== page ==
Teaching Hamlet: Shakespeare's Most Enigmatic Play

Teaching Hamlet: Shakespeare's Most Enigmatic Play

Planning to teach William Shakespeare's Hamlet? Despite being one of Shakespeare’s most widely read plays, Hamlet presents challenges for anyone who seeks to interpret it. That may be why T. S. Eliot referred to Hamlet as “the Mona Lisa of literature." By comparing the play to Leonardo’s painting, Eliot suggested that there is something enigmatic about Hamlet that — like the indecipherable smile of Mona Lisa — keeps readers returning to it. 

Psychoanalytic theorist Ernst Jones similarly referred to the play as “the Sphinx of modern literature,” invoking not only its riddlesome nature but also its connection to Sophocles’s Oedipus Rex.

If you’re a teacher who’s planning to study this play to your students, then you’ll want to check out this Complete Teaching Unit on Hamlet. The 200-page unit is filled with interpretive insights from leading Shakespeare scholars — and every page is fully editable! Save yourself hundreds of hours of prep time while amplifying student engagement with this Complete Teaching Unit on Hamlet.

Because Hamlet is a notoriously difficult play, I prepare students for the text by having them read and discuss a handout focused on some of the play's most prominent themes. Here are some of the themes addressed in the handout....


I. Parent-Child Relationships: Duty vs. Desire

Hamlet is frequently taught in high schools because it deals with issues relevant to adolescents making the transition into adulthood. One of the most important themes explored by the play is parent-child relationships. Are parents justified in imposing expectations on their children even after those children have grown up? Are grown children obliged to protect the honor of their parents? What happens when a child decides to embrace values which are different from the parents’ values?

Shakespeare may have been moved to ask such questions after his own father passed away in 1601 — the same year in which he would write Hamlet. The death of his father seems to have provoked Shakespeare to reflect upon the long shadow that parents sometimes cast over their children.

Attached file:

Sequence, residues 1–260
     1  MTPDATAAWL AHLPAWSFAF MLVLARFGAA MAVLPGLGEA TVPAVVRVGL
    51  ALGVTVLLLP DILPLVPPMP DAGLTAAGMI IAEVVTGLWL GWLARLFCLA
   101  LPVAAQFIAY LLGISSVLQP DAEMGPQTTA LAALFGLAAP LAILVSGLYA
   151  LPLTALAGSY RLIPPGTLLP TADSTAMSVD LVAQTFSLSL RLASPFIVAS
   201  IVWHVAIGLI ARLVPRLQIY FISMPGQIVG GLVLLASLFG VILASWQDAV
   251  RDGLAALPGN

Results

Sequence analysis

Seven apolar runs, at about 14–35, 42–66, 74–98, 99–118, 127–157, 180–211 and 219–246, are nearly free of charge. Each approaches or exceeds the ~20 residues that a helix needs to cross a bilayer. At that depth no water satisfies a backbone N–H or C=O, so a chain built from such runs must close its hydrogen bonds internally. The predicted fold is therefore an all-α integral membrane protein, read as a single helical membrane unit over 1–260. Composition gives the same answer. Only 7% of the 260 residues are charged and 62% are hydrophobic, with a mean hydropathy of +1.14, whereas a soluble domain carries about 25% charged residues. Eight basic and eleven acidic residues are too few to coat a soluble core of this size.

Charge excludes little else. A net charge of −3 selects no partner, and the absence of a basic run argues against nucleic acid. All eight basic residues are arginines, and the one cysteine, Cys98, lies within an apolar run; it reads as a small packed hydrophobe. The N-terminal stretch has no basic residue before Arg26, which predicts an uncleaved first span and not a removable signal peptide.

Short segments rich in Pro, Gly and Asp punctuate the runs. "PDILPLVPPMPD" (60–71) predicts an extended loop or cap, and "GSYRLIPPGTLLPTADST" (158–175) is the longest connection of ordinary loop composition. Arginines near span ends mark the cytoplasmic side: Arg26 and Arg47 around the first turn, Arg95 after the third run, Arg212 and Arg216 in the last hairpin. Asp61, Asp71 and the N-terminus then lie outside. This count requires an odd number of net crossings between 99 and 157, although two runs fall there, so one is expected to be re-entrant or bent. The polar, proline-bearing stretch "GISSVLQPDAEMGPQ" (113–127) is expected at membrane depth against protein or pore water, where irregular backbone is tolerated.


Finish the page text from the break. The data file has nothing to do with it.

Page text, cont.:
At the same time, the death of his father may have impelled the playwright to meditate on the status of the dead, and to ponder what happens to the “soul” after death. One of the first characters that we’ll encounter in the play is the ghost of Hamlet’s deceased father. So one of the first questions invoked by the play is: What might the ghost represent? How does the play amount to more than a ghost story?

The full title of Shakespeare’s play is The Tragical History of Hamlet, Prince of Denmark. Although this title is often foreshortened to the name of the protagonist, what might the full title suggest about the content of the play? 

The full title reminds audiences that the protagonist is at once an individual (the bearer of a proper name), a family member (the son of two parents) and a dignitary (the prince of a nation-state). As we’ll see, Hamlet experiences a conflict between the duties incumbent to these different roles. 

The play raises the following questions: How should a person act when his personal desires come into conflict with his obligations to his parents? How should a person act when what’s expected of him as a dutiful son comes into conflict with what’s expected of him as a dutiful citizen or good samaritan?


II. Modern Self-Consciousness

Yet if this play focuses on how Hamlet responds to parental expectations, it also explores the expectations which Hamlet sets for himself. For the protagonist engages in constant reflection about who he is and how he should act. Indeed, what has made Hamlet the most closely studied of Shakespeare’s plays is the extent to which Hamlet questions and doubts himself. All of Hamlet’s major soliloquies amount, paradoxically, to debates between a divided self. 

The famous soliloquy in the third act, “To be or not to be,” has become the literary hallmark of modern self-consciousness. Why does Shakespeare construct his protagonist in this way? What might the playwright be trying to say about the conditions of modern life?